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  1. Metadata Lecture 15 Info 660 Daniel Stuhlman

  2. Metadata Definition Structured data about data. The concept of metadata, when applied in the context of current libraries, digital or traditional, typically refers to information that provides 1> A (usually brief) characterization of the individual information objects in the collections of a library 2> Stored principally as the contents of library catalogs in TL's (traditional libraries); 3> Used principally in aiding users to access information objects of interest. Adapted from: Smith, Terence R. "The Meta-Information Environment of Digital Libraries." D-Lib Magazine, July/August 1996.

  3. What Does Metadata Do? Creates a resource description for any kind Cataloging is a process to create metadata. Metadata facilitates discovery. Identifies resources Distinguishes among similar and variant resources Brings similar resources together [i.e., authors, subjects, locations] Gives location information or is a finding aid Allows for multiple systems to exchange data with a minimal loss of content

  4. Four Types of Metadata 1. Descriptive – Attributes that make the item being described unique 2. Structural – Establishes the structure and relationships of a set of digital objects 3. Administrative – Manages and administers information resources. 4. Preservation – The conservation and preservation of materials and information for the preservation management of items.

  5. Examples of Standards 1. Dublin Core 2. Encoded Archival Description (EAD) 3. MARC 4. Open Archives Initiative (OAI) 5. Text-Encoding Initiative (TEI) 6. Uniform Resource Identifiers (URIs) 7. eXtensible Markup Language (XML) 8. Learning Object Metadata Standard (LOMS)

  6. Dublin Core Goal -- to be an easy to use and create descriptive metadata for web resources. Principles: All elements are optional, repeatable, can be displayed in any order, can be expanded. An international standard. Three levels of Dublin Core: unqualified, qualified, and community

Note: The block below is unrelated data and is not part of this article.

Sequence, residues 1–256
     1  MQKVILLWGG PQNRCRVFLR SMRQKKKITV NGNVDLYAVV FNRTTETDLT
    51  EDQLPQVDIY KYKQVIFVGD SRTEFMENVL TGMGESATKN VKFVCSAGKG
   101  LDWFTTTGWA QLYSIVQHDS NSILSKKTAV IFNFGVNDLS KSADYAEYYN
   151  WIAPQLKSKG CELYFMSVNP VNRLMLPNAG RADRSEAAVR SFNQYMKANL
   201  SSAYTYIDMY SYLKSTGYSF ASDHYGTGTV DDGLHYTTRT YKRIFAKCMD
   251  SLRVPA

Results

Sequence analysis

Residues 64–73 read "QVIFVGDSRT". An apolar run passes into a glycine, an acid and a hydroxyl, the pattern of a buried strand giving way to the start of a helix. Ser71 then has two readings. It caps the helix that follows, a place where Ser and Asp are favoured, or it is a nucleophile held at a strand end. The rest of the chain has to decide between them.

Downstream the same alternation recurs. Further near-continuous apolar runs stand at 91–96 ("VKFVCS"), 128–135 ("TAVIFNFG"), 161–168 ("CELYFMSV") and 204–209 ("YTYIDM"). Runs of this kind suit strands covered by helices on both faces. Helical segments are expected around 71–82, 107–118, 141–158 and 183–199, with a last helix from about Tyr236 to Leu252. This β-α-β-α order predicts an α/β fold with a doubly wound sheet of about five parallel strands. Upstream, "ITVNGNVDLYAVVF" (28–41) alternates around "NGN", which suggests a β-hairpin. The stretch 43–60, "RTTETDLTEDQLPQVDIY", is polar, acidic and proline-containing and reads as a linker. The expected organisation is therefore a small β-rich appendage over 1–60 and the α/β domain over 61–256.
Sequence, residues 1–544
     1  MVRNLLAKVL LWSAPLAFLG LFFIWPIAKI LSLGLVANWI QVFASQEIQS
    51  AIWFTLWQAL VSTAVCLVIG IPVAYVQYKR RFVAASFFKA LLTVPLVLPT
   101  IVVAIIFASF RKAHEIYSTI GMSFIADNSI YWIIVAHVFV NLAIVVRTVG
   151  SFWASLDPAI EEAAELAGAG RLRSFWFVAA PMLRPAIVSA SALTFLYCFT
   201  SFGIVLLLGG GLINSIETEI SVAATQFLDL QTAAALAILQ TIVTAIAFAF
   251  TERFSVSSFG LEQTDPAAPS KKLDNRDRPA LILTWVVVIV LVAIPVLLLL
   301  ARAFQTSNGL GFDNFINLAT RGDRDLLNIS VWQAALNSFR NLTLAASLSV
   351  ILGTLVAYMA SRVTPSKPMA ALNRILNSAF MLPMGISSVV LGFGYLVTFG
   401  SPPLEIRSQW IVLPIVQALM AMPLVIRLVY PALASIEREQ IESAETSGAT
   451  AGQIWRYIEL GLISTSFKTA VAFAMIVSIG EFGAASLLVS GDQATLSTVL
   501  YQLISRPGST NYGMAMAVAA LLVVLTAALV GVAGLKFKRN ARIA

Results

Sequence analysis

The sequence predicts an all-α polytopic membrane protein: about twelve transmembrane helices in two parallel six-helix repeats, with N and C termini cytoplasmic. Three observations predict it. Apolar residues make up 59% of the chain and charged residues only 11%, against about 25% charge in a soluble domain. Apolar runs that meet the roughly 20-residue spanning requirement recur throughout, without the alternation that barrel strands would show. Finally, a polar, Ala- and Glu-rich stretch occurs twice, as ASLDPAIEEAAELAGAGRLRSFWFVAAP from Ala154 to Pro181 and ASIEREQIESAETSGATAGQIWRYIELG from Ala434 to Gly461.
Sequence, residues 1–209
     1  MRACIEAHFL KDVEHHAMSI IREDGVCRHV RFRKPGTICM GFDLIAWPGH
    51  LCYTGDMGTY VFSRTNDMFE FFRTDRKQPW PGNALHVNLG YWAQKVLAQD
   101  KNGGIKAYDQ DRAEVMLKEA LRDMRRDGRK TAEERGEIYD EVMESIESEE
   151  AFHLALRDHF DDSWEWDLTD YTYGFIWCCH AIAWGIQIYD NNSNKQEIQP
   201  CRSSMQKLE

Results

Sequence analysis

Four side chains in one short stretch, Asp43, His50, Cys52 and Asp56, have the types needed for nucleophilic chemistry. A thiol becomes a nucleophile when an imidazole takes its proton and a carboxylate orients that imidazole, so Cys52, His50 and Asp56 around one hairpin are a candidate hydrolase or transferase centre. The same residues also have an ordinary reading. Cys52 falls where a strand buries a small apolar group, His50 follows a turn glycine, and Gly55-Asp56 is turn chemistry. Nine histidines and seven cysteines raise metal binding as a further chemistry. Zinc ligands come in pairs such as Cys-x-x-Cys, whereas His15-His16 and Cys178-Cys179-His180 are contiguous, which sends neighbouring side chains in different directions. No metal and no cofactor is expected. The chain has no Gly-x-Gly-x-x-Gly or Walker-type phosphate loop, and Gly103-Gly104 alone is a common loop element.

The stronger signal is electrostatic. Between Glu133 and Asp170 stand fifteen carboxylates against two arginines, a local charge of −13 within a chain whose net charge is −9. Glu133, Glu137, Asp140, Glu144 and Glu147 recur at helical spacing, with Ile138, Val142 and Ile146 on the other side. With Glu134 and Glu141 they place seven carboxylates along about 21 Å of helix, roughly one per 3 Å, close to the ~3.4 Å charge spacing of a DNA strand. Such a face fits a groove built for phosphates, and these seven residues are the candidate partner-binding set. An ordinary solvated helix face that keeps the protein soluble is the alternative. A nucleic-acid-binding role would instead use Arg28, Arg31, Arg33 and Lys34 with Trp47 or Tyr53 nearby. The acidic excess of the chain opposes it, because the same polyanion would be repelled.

7. Encoded Archival Description (EAD) Used by archivists, museum curators, manuscript repositories and libraries. Goal: electronic equivalent to a finding aid. SGML/XML based document type definition (DTD) used to crate, store, and distribute digital descriptions, i.e. finding aids.

  8. MARC21 Standard for the representation and communication of bibliographic and related information in machine-readable form http://www.loc.gov/marc/bibliographic/ecbdhome.html

  9. Open Archives Initiative (OAI) Began as a way to provide free access to articles by having authors deposit their preprints and articles into accessible databases. OAI has gone beyond the preprint and e-print community to get involved with issues of interoperability, automatic metadata harvesting, and the development of metadata repositories.

  10. Text-Encoding Initiative (TEI) • An international research effort trying to produce a community-based standard for encoding and interchanging electronic texts. • An SGML DTD used for marking up humanities and literary texts.

  11. Uniform Resource Identifiers (URIs) Purpose -- to provide a unique label which will be a concise way of referring to a particular web resource. Include: uniform resource locators (URLs), uniform resource names (URNs), uniform resource characteristics (URCs), and to some extent digital object identifiers (DOIs).

  12. eXtensible Markup Language (XML) An abbreviated version of SGML (standard graphic markup language) and a more content-oriented language than HTML. Helps define document types. Well suited to delivery and interoperability over the Web as compared to SGML.

  13. Learning Object Metadata Standard (LOMS) Use of Metadata to enrich the catalog Table of contents Book cover images Reader reviews of the item – both read and create these reviews Access to ordering and delivery service